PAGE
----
Over the last two months, I have learnt and been reminded of some simple leadership practices while dealing with the impact of COVID-19 here in Singapore.
Below are 5 leadership lessons based on real examples. I hope these can help others during these challenging times.
1. Lead by example
Singapore was one of the first countries with cases of COVID-19.
Quickly, we decided to implement actions to reduce the risk to our employees, one of which was wearing surgical masks in the office. (There are different views on wearing masks when you are healthy, but this was the decision we made).
Personally, I found wearing masks unpleasant and a bit annoying, especially when speaking. By the end of the first day, I had already stopped wearing it in the office 🤦.
Within a week, the percentage of employees wearing masks went from 70% to 10%.
But things seemed to be under control. That is, until another wave of COVID-19 cases hit Singapore.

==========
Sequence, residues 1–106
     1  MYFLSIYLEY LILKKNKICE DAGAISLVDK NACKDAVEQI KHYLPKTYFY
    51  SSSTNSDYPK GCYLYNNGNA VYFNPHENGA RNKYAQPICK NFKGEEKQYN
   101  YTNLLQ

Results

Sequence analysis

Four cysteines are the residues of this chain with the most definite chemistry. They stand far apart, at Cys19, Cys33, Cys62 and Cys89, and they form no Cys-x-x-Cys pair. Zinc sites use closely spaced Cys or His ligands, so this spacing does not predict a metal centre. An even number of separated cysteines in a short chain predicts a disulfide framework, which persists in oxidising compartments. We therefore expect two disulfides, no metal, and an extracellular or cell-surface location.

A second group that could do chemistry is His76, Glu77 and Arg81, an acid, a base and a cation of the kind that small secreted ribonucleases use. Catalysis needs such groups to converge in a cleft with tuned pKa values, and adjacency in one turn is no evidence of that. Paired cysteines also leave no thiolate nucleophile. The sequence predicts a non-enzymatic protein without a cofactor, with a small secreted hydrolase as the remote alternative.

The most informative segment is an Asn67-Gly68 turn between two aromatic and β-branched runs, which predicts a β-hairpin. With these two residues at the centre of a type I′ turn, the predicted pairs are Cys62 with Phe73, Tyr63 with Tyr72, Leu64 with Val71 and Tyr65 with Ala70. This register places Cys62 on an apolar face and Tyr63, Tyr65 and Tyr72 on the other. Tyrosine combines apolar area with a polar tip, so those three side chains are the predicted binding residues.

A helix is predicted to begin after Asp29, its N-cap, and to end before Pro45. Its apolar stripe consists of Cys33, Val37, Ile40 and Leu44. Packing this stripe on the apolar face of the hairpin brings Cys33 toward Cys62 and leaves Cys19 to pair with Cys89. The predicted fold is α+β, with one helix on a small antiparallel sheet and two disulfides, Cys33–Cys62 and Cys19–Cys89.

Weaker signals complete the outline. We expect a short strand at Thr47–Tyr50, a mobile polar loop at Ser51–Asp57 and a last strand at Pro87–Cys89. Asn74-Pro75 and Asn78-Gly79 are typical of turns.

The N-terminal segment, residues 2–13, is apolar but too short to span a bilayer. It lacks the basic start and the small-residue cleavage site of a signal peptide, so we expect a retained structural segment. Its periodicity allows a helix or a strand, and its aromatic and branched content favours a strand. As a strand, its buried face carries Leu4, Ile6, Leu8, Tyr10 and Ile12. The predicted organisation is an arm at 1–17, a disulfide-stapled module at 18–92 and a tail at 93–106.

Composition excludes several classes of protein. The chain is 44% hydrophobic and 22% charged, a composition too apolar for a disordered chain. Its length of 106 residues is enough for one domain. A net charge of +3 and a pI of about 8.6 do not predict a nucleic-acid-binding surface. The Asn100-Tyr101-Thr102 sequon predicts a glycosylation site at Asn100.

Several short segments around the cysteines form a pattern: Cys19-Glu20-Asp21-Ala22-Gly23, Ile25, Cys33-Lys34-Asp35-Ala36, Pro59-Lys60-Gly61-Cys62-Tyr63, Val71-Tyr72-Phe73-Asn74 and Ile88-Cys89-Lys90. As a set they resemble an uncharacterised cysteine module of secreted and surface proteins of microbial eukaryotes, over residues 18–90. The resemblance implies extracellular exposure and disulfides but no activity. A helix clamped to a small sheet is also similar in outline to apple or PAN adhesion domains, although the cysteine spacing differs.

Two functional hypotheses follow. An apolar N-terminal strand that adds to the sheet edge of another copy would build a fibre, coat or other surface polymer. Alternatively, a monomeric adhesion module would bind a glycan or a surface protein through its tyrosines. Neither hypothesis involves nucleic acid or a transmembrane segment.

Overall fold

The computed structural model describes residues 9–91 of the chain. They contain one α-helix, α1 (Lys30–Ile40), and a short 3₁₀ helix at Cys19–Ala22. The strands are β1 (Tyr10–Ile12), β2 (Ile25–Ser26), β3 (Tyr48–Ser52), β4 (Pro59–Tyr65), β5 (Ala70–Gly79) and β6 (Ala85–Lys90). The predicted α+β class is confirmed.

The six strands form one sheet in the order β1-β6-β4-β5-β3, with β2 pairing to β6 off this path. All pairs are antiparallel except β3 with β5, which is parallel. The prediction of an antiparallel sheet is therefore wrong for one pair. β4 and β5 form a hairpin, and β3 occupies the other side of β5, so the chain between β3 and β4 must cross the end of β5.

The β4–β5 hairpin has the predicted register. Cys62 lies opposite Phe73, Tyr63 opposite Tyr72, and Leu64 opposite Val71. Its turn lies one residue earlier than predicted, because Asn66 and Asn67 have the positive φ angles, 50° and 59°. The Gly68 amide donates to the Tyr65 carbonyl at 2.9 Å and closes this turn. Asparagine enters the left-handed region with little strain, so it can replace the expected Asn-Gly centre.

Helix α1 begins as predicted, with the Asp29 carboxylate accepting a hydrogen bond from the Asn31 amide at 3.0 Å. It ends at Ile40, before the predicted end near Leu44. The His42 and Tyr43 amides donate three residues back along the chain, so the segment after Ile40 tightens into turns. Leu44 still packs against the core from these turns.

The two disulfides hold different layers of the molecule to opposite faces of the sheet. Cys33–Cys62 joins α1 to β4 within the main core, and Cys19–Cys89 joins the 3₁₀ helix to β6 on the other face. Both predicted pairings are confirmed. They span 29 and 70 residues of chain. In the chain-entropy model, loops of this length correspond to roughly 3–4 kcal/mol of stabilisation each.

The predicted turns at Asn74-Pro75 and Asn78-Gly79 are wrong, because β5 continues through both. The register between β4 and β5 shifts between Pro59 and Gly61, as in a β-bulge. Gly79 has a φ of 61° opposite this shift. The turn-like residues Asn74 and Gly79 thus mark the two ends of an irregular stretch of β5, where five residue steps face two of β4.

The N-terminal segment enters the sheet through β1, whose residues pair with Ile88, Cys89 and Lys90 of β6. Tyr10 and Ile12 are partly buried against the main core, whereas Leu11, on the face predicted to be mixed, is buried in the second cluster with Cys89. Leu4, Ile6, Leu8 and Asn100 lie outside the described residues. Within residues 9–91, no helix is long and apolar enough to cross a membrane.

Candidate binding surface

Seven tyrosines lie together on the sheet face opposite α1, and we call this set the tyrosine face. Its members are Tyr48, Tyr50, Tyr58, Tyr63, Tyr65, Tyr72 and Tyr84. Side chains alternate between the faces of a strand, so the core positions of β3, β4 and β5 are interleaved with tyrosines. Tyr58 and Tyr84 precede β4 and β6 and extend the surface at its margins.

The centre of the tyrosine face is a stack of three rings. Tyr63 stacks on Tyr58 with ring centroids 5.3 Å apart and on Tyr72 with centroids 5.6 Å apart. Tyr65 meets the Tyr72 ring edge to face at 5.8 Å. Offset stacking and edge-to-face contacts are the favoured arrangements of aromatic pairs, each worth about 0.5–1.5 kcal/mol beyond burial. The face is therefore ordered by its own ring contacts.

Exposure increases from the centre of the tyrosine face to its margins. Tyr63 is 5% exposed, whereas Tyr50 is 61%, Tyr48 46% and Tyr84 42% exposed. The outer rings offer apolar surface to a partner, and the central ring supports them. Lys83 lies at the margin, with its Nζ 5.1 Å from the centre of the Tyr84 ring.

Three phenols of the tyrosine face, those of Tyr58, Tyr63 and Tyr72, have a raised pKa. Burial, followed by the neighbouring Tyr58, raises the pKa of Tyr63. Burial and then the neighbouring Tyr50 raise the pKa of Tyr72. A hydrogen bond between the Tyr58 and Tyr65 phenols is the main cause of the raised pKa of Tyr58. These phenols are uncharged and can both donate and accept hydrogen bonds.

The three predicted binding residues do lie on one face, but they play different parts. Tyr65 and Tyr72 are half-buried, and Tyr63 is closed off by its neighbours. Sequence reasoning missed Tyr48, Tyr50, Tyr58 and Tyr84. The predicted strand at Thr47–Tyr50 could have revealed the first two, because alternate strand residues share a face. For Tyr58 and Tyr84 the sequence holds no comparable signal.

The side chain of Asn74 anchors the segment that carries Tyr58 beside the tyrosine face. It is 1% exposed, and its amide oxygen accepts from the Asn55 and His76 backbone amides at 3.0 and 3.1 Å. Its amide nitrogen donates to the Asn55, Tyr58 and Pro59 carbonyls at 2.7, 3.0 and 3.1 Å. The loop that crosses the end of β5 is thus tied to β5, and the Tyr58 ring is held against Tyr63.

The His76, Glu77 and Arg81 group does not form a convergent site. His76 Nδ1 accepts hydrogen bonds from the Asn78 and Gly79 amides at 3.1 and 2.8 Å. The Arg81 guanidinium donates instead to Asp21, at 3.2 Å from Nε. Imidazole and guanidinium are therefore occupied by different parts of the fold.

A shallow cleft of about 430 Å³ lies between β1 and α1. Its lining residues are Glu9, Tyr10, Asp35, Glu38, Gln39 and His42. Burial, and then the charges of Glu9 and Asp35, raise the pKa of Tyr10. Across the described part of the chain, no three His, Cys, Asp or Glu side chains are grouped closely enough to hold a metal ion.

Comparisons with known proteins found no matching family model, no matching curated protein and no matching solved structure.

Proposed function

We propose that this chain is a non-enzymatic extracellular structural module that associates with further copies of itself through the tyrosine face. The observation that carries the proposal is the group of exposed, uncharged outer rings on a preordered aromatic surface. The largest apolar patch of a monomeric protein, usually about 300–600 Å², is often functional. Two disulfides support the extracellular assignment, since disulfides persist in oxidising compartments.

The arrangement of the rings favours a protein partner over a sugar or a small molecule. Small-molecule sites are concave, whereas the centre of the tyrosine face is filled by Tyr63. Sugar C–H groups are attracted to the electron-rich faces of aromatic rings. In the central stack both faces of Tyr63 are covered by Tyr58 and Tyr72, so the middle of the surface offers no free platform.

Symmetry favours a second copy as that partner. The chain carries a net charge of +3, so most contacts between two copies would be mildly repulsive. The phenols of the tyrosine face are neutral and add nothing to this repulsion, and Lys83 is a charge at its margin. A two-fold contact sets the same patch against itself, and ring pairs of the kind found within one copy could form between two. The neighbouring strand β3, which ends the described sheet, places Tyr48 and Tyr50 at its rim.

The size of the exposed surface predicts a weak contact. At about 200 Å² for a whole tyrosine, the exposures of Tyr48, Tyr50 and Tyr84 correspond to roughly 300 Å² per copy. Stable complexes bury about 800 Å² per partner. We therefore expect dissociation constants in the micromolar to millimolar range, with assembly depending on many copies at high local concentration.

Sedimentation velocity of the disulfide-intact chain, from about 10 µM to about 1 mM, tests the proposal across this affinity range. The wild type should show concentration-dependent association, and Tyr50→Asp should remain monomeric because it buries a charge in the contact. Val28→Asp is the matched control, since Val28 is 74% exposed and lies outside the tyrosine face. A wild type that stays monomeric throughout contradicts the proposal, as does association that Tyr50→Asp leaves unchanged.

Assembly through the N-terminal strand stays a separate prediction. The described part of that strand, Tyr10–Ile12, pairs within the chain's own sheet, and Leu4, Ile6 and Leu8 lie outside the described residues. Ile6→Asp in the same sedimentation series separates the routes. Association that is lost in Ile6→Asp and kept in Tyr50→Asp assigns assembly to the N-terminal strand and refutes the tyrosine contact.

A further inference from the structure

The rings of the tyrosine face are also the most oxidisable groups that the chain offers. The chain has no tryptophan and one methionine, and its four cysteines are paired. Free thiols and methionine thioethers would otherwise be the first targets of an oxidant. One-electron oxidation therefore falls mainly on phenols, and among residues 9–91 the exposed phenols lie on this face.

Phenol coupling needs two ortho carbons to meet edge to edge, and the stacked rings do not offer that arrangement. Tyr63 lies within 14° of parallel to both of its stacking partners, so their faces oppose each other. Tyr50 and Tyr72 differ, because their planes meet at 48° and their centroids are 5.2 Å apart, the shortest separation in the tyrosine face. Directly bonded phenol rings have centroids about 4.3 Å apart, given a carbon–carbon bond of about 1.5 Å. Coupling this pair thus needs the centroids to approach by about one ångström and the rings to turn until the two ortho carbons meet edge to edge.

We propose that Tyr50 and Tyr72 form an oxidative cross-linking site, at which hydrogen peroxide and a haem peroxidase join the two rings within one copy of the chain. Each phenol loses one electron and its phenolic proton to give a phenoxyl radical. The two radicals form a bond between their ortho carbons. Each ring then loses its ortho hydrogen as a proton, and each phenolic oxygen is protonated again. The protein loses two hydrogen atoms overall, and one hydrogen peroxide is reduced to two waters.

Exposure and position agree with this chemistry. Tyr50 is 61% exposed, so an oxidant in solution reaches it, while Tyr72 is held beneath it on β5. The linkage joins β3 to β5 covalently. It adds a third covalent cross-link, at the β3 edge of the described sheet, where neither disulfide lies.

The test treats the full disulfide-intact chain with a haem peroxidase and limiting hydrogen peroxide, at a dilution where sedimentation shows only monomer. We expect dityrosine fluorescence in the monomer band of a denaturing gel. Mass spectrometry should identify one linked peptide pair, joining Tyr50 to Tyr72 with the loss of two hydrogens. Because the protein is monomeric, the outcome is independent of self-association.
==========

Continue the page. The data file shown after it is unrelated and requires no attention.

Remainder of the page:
As a response to the increase in new cases, the management team decided to re-enforce wearing masks at work. This time, we were serious!
I, with the rest of the management team, committed to wearing them whether we liked it or not.
And what do you know? Within a day and after a few reminders, the entire office was wearing masks, with no exceptions!
LESSON: You cannot expect people to change or be disciplined if you as a leader are not willing to do it yourself.
2. Make Decisions Quickly
As a precautionary measure to stop the virus from spreading, Malaysia essentially closed its borders last week. This impacted us and many other companies in Singapore, many employees commute to and from Singapore every day.
With a 24-hour notice before the borders closed, we had very little time to figure out how best to support our teams so they could keep working and support our operations.
We had tons of questions:
- How long will this last?
- Are people willing to stay away from their families?
- How much will hotel rooms cost?
- Will the government provide financial support?